But here are some of the things I can do immediately.
* Eat foods in their most natural state possible.
This means avoiding processed foods and eating as freshly as possible. Buy local from local farmer’s markets. Side note: adding ground ginger to fruit or drinking a little bit of aloe vera juice goes a long way towards solving digestive problems caused by any foods that are more difficult to digest. (I’ll spare you the details, but let me just say this works and is far more pleasant than things like pepto bismol.)
* Shop for less, more often.
In Europe and Asia, you find that fridges are much smaller than they are here. That’s because Europeans and Asians don’t buy Costco-sized items to last for weeks. They buy just what they need for the next day or so. So what they eat is really fresh.
* Honor and respect the kitchen and dining area as sacred spaces.
Take negativity elsewhere. Cooking and eating peacefully reduces stress and irritation, making digestion easier, and bringing calm after the meal. I’m so bad about this. The table where I eat is also where I work and is also where we entertain and watch TV. When we move to Thailand, my first order of business is establishing a dining room table that is separate from my work space.
* Be present when you eat.
Have you ever eaten standing up, in front of your computer, or in front of the television and suddenly gotten to the last bite on your plate and felt unsatisfied? That’s me, in a nutshell. I am making an effort to shut everything off and focus on the ritual of eating. I try to chew slowly and chew each bite at least 20 times before swallowing (depending on the consistency of the food of course). I’ve discovered I get satisfied sooner.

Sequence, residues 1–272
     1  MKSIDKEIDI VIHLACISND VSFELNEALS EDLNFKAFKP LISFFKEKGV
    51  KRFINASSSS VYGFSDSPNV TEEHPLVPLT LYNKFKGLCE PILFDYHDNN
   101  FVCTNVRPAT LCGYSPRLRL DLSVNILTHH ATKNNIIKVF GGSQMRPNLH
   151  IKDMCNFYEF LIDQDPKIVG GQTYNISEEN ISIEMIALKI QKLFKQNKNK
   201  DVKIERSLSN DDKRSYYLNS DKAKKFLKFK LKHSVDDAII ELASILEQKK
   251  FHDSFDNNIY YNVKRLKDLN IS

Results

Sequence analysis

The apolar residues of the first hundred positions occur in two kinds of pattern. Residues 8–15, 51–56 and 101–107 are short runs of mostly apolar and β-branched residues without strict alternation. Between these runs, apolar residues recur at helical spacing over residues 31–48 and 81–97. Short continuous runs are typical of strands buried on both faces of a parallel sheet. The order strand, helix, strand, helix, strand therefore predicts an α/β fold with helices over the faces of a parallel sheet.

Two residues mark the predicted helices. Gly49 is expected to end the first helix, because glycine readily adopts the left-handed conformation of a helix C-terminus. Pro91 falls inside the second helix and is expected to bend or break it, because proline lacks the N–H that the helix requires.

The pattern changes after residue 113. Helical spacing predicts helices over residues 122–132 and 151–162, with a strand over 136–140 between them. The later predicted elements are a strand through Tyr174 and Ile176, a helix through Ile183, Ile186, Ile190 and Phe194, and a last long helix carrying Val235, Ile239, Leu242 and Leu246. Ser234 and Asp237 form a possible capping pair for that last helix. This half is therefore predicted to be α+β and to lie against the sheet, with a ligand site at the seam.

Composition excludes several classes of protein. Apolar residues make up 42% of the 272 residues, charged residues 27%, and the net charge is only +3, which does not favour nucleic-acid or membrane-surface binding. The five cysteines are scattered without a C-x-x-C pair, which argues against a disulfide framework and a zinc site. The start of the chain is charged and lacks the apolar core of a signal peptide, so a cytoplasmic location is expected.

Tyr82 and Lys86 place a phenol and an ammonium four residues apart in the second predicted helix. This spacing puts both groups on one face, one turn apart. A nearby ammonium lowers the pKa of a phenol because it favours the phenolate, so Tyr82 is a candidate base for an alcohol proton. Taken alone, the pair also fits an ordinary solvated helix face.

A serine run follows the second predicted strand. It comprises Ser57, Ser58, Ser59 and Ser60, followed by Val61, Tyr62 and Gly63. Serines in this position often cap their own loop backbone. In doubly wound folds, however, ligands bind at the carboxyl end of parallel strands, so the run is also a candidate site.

* Take a moment to respect where the food has come from.
This is my bigger picture moment. This, right here, is why I’m offering up this post for the Bigger Picture Moment. Do you pray before meals? Do you thank the provider? If so, has it ever been just a habit to you…something that falls off your tongue without the words penetrating your heart and mind? Is it something you say without consciousness? I found something that will help me remember to respect that which sustains me. Before each meal, I look at the plate of food in front of me and take a moment to think about where it originated and what it took to get it to my plate. Sometimes I think of the vegetables as they were in the ground. Sometimes I think of the hands that plucked them. Sometimes I think of the oil that was consumed bringing it to my kitchen. Sometimes I think of it, as it might have been when it was alive.
Sometimes I know I don’t know where it has come from. And that is okay. The point, for me, is to just be aware. The point is to not eat lies I tell myself. These are the words I have added to my eating ritual to help me remember to respect my place in this world:
In this plate of food, I see the entire universe supporting my existence.
~Thich Nhat Hanh
Saying this helps me see where I fit in the bigger picture. Food nourishes, it comforts, it sustains, and it has profound effects on our entire psychology. It connects us to family and friends, but it is also our link to the greater world. I want this part of my life, which is such a large part of my existence, to be characterized by honesty and awareness, at least as much as it is characterized by flavor and variety.